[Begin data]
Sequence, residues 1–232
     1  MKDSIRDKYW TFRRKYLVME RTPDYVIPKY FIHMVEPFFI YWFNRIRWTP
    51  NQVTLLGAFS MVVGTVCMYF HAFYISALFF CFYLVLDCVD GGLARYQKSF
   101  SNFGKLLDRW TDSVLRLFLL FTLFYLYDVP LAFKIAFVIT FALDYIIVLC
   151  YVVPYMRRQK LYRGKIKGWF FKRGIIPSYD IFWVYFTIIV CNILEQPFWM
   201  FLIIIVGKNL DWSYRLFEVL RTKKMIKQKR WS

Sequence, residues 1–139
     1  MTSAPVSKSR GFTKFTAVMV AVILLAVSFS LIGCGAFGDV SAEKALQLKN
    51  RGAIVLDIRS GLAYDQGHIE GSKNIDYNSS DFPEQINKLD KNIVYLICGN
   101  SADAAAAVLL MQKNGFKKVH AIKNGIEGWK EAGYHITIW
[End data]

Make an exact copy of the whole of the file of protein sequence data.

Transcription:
Sequence, residues 1–232
     1  MKDSIRDKYW TFRRKYLVME RTPDYVIPKY FIHMVEPFFI YWFNRIRWTP
    51  NQVTLLGAFS MVVGTVCMYF HAFYISALFF CFYLVLDCVD GGLARYQKSF
   101  SNFGKLLDRW TDSVLRLFLL FTLFYLYDVP LAFKIAFVIT FALDYIIVLC
   151  YVVPYMRRQK LYRGKIKGWF FKRGIIPSYD IFWVYFTIIV CNILEQPFWM
   201  FLIIIVGKNL DWSYRLFEVL RTKKMIKQKR WS

Sequence, residues 1–139
     1  MTSAPVSKSR GFTKFTAVMV AVILLAVSFS LIGCGAFGDV SAEKALQLKN
    51  RGAIVLDIRS GLAYDQGHIE GSKNIDYNSS DFPEQINKLD KNIVYLICGN
   101  SADAAAAVLL MQKNGFKKVH AIKNGIEGWK EAGYHITIW